How the 2018 Tax Reform Affects Your Real Estate Business

How the 2018 Tax Reform Affects Your Real Estate Business

The most significant tax changes in the United States (in more than 30 years) took place in December 2017 in the form of the Tax Cuts and Jobs Act. Fast forward to present day, as Americans are gearing up to file their taxes for 2018, and these new revisions to the tax code are front and center. Why? Because they have a big impact on your filing – both from an individual, family and business perspective.

While we can’t dive into how this reform affects every aspect of business and life, we’d like to focus on the real estate industry in particular. Realty professionals will need to approach tax reform from three different angles: how does the reform impact your business in general, your future real estate prospects, and the future purchasing power of your clients?

We at Kroon & Mitchell specialize in integrated tax and investments, and recently presented at the Michigan Realtors Convention at Grand Traverse Resort. Below, we share our key insights into the how the 2018 tax reform will impact your real estate business and clients. 

How do New Tax Code Changes Impact my Business in General?

One of the biggest changes can be found in the income tax brackets themselves. Refer to the charts below to see how your taxable income from 2017 will be taxed in 2018. You’ll find the tax brackets have expanded for many, with slightly lower percentages overall.  

Under the new plan, pass-through entities (profits that pass through to the owner), S-corporations, sole proprietorships, or partnerships, and limited liability companies (LLC) will be able to deduct 20% of qualified business income. The Tax Act does limit the deductibility of meals and entertainment expenses, and this is a notable change from years past. Here are few details:

  • Entertain expenses (sport or concert tickets, entertainment related meals, etc.) are not deductible.
  • An office holiday party is 100% deductible.
  • Client business meals are 50% deductible if business is conducted, the taxpayer is present, and it’s not extravagant.

As a Real Estate Professional, What Opportunities do I Have to Capitalize on the New Tax Code? 

With the new reform, unique options exist for those in the real estate industry. For the most part, real estate professionals are considered independent contractors for the real estate firm they represent (aka they are small business owners). Like a small business owner, realty agents have the ability to set-up their own independent retirement plan that can significantly lower taxable income.

Managing your taxable income is paramount within the real estate field as it can vary significantly from one year to the next. The average non-business owner (under 50 years old) can put up to $19K in their 401k. Depending on their business income, a real estate professional could contribute up to $55K into a solo 401k in tax year 2019. That’s a big difference and very tangible way realty agents can lower their taxable income.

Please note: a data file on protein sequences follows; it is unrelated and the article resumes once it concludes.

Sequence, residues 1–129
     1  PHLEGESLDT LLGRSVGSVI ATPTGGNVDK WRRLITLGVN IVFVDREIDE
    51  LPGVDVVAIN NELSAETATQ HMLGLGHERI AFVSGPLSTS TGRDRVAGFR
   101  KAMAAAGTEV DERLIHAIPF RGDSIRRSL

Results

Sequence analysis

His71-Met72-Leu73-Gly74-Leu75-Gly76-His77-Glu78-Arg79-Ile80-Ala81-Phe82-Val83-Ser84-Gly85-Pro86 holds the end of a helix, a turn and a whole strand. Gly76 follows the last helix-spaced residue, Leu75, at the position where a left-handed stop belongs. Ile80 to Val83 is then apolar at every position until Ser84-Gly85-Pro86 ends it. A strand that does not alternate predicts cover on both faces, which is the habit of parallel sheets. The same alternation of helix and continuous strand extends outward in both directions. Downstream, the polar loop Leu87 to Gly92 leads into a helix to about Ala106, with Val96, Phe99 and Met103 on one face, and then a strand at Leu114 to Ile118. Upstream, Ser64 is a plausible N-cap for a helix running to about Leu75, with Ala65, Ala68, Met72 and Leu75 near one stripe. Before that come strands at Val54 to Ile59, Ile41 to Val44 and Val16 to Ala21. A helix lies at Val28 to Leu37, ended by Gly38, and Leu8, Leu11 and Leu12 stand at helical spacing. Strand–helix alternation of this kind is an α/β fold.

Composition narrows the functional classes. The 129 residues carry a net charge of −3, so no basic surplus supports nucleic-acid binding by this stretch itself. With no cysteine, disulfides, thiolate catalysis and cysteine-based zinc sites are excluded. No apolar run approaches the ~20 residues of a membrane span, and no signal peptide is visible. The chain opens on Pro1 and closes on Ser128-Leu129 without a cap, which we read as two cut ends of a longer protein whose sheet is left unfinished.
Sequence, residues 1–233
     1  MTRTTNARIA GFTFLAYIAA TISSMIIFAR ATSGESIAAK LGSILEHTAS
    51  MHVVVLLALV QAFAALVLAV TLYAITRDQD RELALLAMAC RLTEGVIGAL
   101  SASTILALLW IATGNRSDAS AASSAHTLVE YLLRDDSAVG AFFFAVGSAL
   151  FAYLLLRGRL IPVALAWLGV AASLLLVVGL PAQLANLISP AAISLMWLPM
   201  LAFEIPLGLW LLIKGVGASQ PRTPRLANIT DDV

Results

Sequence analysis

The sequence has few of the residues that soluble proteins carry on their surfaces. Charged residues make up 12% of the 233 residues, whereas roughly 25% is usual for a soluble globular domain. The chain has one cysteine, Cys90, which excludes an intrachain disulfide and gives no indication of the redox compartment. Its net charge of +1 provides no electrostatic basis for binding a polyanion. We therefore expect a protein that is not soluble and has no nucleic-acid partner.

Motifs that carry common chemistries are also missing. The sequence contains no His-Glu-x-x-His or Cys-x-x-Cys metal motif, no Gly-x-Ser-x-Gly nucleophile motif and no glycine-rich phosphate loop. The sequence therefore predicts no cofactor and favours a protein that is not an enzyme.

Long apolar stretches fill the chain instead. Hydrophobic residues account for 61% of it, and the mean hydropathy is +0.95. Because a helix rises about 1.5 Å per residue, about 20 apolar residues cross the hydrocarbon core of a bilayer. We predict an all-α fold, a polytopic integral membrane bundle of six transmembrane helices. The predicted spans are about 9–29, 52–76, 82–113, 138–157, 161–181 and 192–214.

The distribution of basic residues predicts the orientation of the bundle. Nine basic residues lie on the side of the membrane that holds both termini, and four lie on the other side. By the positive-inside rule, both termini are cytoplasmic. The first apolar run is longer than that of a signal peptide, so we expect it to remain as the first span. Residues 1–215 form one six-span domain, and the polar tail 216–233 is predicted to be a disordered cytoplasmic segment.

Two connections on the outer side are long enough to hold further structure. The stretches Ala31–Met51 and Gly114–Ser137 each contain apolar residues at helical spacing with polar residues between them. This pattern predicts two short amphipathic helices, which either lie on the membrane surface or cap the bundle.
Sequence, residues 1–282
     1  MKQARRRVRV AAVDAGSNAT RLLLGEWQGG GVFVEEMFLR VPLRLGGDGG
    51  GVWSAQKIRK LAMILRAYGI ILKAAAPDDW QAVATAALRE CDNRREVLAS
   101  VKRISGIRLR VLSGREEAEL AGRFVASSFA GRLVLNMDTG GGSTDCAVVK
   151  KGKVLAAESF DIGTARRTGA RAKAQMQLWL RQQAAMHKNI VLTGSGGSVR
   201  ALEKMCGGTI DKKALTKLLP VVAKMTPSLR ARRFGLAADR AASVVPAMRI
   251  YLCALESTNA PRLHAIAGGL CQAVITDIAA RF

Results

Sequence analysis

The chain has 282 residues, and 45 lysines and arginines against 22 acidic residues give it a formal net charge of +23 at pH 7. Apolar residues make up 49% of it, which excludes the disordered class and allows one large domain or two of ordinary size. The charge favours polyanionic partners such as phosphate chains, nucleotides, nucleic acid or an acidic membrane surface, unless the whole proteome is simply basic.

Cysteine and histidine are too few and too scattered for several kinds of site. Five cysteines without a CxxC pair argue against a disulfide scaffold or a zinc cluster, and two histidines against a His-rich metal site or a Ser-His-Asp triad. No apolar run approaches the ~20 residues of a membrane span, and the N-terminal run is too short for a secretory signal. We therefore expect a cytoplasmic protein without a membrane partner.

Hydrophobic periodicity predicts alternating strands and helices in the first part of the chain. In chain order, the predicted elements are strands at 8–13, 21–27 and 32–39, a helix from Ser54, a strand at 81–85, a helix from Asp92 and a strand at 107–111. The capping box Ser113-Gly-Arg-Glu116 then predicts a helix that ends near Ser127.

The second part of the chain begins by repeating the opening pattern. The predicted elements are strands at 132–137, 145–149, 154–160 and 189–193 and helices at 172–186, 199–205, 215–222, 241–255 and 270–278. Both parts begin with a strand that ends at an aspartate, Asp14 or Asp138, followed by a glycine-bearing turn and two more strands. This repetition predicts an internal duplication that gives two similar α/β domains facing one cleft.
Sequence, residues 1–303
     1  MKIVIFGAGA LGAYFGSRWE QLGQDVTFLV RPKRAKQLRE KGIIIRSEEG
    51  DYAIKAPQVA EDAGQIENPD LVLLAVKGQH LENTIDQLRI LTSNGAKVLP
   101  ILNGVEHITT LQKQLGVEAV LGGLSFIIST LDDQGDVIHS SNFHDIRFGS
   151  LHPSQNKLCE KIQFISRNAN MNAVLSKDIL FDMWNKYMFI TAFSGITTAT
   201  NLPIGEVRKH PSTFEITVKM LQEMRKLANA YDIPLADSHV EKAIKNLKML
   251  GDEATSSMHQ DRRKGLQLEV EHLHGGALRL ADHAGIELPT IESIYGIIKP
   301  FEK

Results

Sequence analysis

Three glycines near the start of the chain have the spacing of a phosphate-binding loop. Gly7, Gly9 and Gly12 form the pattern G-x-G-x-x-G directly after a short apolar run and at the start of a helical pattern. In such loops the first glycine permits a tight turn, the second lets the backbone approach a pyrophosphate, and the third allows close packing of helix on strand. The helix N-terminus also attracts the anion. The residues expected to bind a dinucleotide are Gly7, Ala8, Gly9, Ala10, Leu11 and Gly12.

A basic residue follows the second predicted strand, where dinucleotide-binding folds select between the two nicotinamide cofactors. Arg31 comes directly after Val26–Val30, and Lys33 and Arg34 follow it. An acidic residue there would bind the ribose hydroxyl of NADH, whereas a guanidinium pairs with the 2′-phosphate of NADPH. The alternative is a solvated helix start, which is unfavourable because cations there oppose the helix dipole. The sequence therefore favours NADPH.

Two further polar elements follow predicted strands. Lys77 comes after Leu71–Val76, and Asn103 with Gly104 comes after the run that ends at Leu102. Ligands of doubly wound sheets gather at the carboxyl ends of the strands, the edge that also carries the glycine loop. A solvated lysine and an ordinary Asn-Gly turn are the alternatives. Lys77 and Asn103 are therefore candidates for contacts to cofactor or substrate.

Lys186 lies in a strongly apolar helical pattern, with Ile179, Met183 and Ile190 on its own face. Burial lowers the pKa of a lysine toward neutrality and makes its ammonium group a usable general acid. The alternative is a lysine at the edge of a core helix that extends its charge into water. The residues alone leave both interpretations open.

There are various retirement tools highlighted below that show the potential contributions levels for real estate agents based on the type of retirement plan they choose to set-up (SEP IRA, Solo 401k, or Simple IRA).

By pushing a large chunk of taxable income into a retirement plan (as noted in the graphic above) realtors would pay less tax now, but in addition, reap future benefits that go along with a strong retirement plan and investment portfolio.  

A Health Savings Account is another way to lower your taxable income. It allows you to save pre-tax dollars, using that money for health-related expenses as you normally would anyways, while lowering your taxable income at the same time. In tax year 2019, the maximum yearly contribution to a Health Savings Account is $3,450 for single individuals and $6,900 for families.

What Does the Tax Reform Mean for my Clients?

What’s changed:

  • Under the new code, mortgage interest is deductible on mortgages of up to $750K (down from $1 million) for those filing jointly. The change applies to new mortgages after December 15th, 2017, but private mortgage insurance has not been renewed (yet).
  • The interest on home equity loans is still deductible per the IRS in a press release issued on 2/21/2018: “Under the new law, for example, interest on a home equity loan used to build an addition to an existing home is typically deductible, while interest on the same loan used to pay personal living expenses, such as credit card debts, is not. As under prior law, the loan must be secured by the taxpayer’s main home or second home (known as a qualified residence), not exceed the cost of the home and meet other requirements.”
  • For those who itemize State and Local tax (do not take the standard deduction) deductions are limited to $10K (joint filing) and $5K (single), and property taxes are included in this calculation.

Keep in mind that many of these changes are currently temporary and set to revert by January 1st, 2026, though there is talk of making these changes more permanent. Regardless, it’s important to stay abreast of the tax changes and how they impact your business and your clientele. Set up a consultation with the tax and investment professionals at Kroon & Mitchell to see how your realty business can benefit most from the 2018 tax reform, now and in the future.

Comments are closed.